Set clearly defined working hours and stick with them. If you want weekends off, then set your work schedule in a way that you can have weekends solely to yourself.


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You’re overwhelmed with changes in the industry

Establishing yourself as an expert in your industry takes work. But things change pretty quickly. It comes to a point where you start feeling left out on all the latest trends and innovations in the industry. It’s overwhelming and you end up on a plateau with your knowledge and skills.

I struggled with this feeling for a while but during one of my quiet moments it hit me – the reason I was overwhelmed was because I was busy going under in the industry instead of going deeper.

Start off where you’re at and dig deep to find more. Improve on what you know, rather than going after every new thing. Don’t rush it. Take it step-by-step and most of all enjoy the process.


You’re worn out

It’s great to have new clients but if your income depends on acquiring new clients everyday then it can get really stressful. Its’ a horrible feeling to be weighed down by a lot of work.

What helped me was to create passive income streams. Passive income streams help to boost your income while you spend your time doing things you enjoy.

Of course, as a freelancer, you define your income. But chasing after clients who will pay you a low rate can wear you out fast. What will help is for you to raise your rates and go after quality high paying clients who will value your work. You can raise your rates and work for fewer people and still make a comfortable income while you have better working hours.


The loneliness is getting to you

Being a freelancer is a lonely journey. Although you have the potential to earn more, have flexible hours and actually do what you love, you have to do most of it alone.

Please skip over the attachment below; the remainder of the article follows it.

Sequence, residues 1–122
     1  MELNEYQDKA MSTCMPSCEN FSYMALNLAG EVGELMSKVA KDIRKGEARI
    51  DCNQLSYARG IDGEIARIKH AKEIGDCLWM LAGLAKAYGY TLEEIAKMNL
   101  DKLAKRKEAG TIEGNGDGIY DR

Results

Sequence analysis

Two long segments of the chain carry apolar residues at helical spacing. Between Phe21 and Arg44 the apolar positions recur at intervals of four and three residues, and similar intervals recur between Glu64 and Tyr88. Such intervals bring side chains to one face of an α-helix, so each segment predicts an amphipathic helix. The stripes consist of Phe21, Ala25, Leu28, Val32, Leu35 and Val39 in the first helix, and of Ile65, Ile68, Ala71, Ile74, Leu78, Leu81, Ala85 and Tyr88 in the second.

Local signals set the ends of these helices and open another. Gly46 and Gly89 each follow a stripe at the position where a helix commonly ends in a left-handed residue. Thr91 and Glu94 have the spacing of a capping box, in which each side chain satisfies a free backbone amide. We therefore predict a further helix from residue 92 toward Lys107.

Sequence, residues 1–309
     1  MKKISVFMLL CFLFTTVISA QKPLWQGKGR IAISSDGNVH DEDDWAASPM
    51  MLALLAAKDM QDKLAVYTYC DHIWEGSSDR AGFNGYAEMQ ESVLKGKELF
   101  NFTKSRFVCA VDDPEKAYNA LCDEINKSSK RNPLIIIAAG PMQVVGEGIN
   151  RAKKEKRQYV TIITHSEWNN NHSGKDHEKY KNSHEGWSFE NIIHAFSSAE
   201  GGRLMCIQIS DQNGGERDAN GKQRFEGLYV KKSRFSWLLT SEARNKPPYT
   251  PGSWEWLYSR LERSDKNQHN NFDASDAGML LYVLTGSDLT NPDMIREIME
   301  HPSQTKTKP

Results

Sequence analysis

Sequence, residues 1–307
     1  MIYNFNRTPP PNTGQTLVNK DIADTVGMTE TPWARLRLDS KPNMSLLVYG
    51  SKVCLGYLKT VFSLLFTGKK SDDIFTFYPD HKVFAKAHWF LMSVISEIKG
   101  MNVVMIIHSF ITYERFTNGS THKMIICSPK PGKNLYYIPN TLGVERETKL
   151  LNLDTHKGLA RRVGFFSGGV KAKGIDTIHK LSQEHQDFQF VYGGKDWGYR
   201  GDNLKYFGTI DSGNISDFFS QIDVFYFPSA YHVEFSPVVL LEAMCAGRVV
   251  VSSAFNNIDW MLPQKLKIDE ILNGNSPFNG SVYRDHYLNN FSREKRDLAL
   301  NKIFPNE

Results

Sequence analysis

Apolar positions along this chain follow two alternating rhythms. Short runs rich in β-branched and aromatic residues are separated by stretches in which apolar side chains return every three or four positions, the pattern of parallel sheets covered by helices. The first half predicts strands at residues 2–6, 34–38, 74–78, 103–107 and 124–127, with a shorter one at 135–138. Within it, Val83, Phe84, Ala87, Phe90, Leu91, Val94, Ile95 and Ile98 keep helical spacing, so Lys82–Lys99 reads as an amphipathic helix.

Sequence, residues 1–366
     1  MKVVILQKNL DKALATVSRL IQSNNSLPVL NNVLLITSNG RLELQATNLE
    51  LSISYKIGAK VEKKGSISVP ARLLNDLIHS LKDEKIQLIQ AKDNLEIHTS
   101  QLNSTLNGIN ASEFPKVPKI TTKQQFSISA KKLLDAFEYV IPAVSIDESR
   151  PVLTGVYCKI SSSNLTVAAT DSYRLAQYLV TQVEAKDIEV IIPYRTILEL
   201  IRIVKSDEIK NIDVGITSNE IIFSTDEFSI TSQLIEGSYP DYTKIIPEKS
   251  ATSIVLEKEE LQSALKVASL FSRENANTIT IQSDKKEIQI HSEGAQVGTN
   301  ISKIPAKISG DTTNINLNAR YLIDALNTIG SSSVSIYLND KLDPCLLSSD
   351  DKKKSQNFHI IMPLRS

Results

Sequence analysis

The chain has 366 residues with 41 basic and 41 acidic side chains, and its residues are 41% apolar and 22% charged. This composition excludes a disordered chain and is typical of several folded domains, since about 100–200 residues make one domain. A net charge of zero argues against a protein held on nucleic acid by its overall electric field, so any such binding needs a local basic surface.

To beat the loneliness, go for meet ups and meet other freelancers. Collaborate with other freelancers on a project or course. Join a mastermind. Get connected with people in your industry and invite them over for coffee. You’ll be surprised at how many freelancers are in your area.


Are you freelancing? Is it working for you?



Are Entrepreneurs Born or Made

For as long as I can remember, the question of whether successful entrepreneurs are born or made has been a subject of debate. I thought I’d give my own two cents to this debate from my own perspective.

Many people go into entrepreneurship for many reasons. Some want to really experience the freedom-based lifestyle that goes a long with entrepreneurship. Others are in just for the fringe benefits that come along with tagging the word “entrepreneur” in their bios.

Whatever may be the reason for diving into entrepreneurship, the end speaks for itself. The true entrepreneurs remain resilient until the very end, while those who are not cut out for it are easily weeded out.


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But what makes the real entrepreneurs who they are? Is entrepreneurship something they pick up and train themselves in or are they just born with all the skills, character and talent to be entrepreneurs?

Let’s look it from both sides:


Entrepreneurs are born

It could be a gene in their DNA but some entrepreneurs are gifted with the skills that give them an edge in their business. While some have to train for years before they can perfect the art. Born entrepreneurs have natural instincts geared to making their businesses work.

Take for example, having a natural gift in creating quality relationships that always result into sales. It’s not that such a person was trained to be a good communicator. It’s something that flows naturally.  They never have to force themselves to shine in their area of competence. They are excellent at what they do.

Born entrepreneurs are those who recognize that they have a gift and they exploit it; they leverage on it.


Entrepreneurs are made

Made entrepreneurs are those who develop the skills needed in order for them to be successful. They know that there is a gap and in order to make their business flourish they have to fill in their lapses. As a result they get retrained, they hire coaches, they read books, but most of all they practice, practice, practice.

The truth is that this is where majority of entrepreneurs find themselves at a point in time. Their success is attributed to the work they put in themselves and as a result their business became a success.


If you want to be an entrepreneur and fail to see your lapses or you’re not ready to learn and practice then you will not be successful in your business. You need to be willing to make an effort. Developing yourself takes time and a lot of humility. You need to be humble enough to acknowledge that there is a lot to learn and actually put in the work and take the time to practice.


So are entrepreneurs born or made? I believe some are born but most are made. Being born with the right skills and business mindset is all well and good but you need to continue to develop those skills to be a success story.


Do you agree? Please share your thoughts in the comments section below.